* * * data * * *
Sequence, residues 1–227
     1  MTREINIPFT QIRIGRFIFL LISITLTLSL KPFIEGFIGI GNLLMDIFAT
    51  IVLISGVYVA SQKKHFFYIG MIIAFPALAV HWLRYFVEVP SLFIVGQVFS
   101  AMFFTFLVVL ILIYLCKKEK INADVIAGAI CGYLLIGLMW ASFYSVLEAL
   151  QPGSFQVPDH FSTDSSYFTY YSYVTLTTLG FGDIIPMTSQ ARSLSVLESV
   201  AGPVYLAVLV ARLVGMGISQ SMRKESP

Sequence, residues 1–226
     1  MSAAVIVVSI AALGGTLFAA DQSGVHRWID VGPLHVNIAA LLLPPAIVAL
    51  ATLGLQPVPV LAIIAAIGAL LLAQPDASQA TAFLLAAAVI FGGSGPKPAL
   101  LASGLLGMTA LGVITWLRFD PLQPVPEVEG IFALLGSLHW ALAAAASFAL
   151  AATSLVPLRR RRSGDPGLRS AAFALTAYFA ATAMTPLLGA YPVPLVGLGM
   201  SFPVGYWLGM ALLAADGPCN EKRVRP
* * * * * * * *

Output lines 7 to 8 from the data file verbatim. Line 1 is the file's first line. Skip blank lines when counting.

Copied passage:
Sequence, residues 1–226
     1  MSAAVIVVSI AALGGTLFAA DQSGVHRWID VGPLHVNIAA LLLPPAIVAL